A.I. Memory > Technology > Introduction

Breaking down the “Memory Wall”!

In computer systems, data moves between the memory and a processor. This exchange is inefficient and can overwhelm software optimizations or caches, causing significant latency and power consumption. Often referred to as the memory wall, this bottleneck is a challenge for all high performance computing workloads in applications such as big data and artificial intelligence.

To address this, we fuse computing elements into memory to nearly eliminating the physical distance between processing and memory that currently exists in today’s computer architecture.  Sounds simple, right?  It’s most definitely not.

Our solution involves building processors directly into DRAM.  The difficulty lies in the manufacturing process in which silicon fabrication is traditionally specialized to produce either fast logic elements or dense storage elements.  Because of our foundry’s unique DRAM manufacturing capabilities, we have pioneered a process that incorporates both fast logic elements and dense storage elements in a single chip.  Since data doesn’t need to be moved around as much, there is immense potential for significant energy and time savings. The compute units have direct access to the data they need since they now physically reside in the memory, effectively widening the I/O bandwidth to unprecedented levels.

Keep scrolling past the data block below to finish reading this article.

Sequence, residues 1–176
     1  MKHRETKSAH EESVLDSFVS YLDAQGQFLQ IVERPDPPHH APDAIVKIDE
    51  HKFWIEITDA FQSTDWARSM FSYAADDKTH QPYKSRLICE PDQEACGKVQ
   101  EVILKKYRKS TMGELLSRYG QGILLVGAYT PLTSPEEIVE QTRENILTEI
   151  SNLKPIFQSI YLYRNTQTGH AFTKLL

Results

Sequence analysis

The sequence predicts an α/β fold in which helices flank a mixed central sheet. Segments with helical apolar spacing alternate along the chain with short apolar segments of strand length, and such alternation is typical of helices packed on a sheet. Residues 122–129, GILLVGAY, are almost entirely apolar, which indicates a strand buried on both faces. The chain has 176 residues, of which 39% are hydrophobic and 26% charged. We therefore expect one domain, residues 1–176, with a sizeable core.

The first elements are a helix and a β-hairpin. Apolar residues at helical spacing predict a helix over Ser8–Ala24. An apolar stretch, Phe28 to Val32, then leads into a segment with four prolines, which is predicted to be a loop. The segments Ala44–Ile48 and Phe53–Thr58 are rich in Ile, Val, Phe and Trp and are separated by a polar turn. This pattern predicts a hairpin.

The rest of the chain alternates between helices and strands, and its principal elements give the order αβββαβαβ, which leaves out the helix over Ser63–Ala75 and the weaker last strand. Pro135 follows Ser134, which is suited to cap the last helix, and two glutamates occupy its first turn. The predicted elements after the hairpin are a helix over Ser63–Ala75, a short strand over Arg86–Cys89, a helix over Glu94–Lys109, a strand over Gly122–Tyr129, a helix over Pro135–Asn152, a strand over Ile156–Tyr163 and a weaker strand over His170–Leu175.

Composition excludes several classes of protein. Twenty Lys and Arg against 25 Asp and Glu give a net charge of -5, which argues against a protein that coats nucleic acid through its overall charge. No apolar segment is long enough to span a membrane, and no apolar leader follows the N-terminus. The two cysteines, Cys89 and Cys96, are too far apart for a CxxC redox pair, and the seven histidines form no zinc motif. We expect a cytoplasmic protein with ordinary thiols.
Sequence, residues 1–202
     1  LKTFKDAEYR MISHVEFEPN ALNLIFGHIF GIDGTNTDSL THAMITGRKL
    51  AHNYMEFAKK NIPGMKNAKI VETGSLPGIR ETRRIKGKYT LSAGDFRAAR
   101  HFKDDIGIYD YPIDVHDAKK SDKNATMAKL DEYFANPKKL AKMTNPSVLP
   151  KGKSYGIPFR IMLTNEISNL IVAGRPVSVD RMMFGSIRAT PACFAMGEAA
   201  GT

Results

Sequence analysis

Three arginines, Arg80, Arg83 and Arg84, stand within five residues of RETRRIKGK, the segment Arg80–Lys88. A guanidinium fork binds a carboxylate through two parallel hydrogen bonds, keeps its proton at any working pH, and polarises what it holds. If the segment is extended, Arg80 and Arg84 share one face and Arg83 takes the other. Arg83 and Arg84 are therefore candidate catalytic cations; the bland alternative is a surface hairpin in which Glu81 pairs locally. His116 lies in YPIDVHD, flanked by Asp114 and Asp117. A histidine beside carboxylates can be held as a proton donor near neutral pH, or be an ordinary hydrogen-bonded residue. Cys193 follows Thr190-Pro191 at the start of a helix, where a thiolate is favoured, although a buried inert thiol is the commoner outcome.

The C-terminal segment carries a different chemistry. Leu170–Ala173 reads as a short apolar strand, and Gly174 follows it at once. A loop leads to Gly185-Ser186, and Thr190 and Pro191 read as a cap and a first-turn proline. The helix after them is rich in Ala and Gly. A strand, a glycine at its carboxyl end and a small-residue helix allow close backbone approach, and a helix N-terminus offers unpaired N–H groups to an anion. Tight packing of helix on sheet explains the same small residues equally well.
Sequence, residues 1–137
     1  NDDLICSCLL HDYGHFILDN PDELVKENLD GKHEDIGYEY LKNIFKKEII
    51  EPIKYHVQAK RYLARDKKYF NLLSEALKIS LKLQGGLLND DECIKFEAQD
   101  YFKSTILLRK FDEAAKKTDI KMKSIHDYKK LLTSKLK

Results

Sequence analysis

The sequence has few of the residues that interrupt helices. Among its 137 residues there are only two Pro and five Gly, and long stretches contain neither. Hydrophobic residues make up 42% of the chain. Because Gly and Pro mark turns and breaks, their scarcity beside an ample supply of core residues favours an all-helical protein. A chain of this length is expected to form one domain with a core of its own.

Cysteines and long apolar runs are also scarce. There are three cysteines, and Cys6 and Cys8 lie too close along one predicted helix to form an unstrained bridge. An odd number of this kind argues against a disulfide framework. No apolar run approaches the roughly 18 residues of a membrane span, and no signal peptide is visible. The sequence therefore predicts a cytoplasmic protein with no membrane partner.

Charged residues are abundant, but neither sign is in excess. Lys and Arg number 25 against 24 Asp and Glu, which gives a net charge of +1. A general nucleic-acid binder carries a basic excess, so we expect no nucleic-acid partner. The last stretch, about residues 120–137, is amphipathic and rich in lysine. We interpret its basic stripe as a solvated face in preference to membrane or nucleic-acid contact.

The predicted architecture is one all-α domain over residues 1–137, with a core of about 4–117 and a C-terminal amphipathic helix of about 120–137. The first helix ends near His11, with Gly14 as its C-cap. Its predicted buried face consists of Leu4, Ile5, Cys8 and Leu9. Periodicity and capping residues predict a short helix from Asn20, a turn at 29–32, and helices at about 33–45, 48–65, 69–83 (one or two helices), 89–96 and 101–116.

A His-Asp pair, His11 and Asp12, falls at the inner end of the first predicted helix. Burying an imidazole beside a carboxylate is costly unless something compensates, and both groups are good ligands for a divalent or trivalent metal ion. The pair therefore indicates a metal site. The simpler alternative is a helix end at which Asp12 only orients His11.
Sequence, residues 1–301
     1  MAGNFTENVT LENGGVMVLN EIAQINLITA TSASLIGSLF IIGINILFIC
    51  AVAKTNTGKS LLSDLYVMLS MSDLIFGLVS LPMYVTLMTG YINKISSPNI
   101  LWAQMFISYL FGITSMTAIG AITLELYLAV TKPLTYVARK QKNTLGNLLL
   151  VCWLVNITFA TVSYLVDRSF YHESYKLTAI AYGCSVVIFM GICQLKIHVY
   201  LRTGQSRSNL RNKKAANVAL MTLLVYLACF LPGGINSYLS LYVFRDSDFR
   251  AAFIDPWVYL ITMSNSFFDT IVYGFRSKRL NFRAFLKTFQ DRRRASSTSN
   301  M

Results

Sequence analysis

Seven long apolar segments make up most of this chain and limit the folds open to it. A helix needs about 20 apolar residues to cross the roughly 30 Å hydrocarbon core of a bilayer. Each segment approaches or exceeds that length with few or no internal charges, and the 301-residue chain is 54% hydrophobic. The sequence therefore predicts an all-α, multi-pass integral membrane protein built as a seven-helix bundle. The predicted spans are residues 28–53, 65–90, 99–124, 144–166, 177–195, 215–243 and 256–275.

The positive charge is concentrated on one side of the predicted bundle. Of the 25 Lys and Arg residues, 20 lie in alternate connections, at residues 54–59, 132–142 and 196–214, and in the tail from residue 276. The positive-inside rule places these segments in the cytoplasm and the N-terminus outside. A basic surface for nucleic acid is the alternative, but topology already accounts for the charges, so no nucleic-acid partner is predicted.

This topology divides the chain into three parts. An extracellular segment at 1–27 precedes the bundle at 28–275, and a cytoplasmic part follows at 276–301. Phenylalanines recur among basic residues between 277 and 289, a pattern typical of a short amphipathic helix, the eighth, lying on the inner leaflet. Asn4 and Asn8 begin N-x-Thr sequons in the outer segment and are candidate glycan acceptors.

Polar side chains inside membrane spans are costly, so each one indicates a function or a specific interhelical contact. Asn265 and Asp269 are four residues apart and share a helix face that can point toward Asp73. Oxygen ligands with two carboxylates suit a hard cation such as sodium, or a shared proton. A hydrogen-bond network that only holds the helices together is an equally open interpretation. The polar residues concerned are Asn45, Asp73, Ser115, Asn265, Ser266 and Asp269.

What about stacking 2.5D/3D or High Bandwidth Memory (HBM)?

In 2.5D, dies are stacked on top of an interposer, which incorporates through-silicon vias (TSVs). The interposer acts as the bridge between the chips and a board, which provides more I/Os and bandwidth.

HBM stacks DRAM dies on top of each other, enabling even more I/Os. For example, Samsung’s HBM2 technology consists of eight 8Gbit DRAM dies, which are stacked and connected using 5,000 TSVs.

Besides 2.5D, the industry is working on 3D integrated circuits. The idea is to stack memory dies on a logic chip, or logic dies on each other. The dies are connected using an active interposer. The problem with these technologies is the high cost and complexity of manufacturing, making them impractical for most applications.

Our cost effective, 2x-nm class process is unique and currently does not involve stacking. Adding in the processing cores adds a very negligible amount of die area, and can be enabled within 3-5 metal layers, as the logic is a magnitude less dense than a leading edge logic implementation. The idea is to improve total energy efficiency by 10x combined with scalability, compared to the leading CPU implementations while boosting performance at least 20x!

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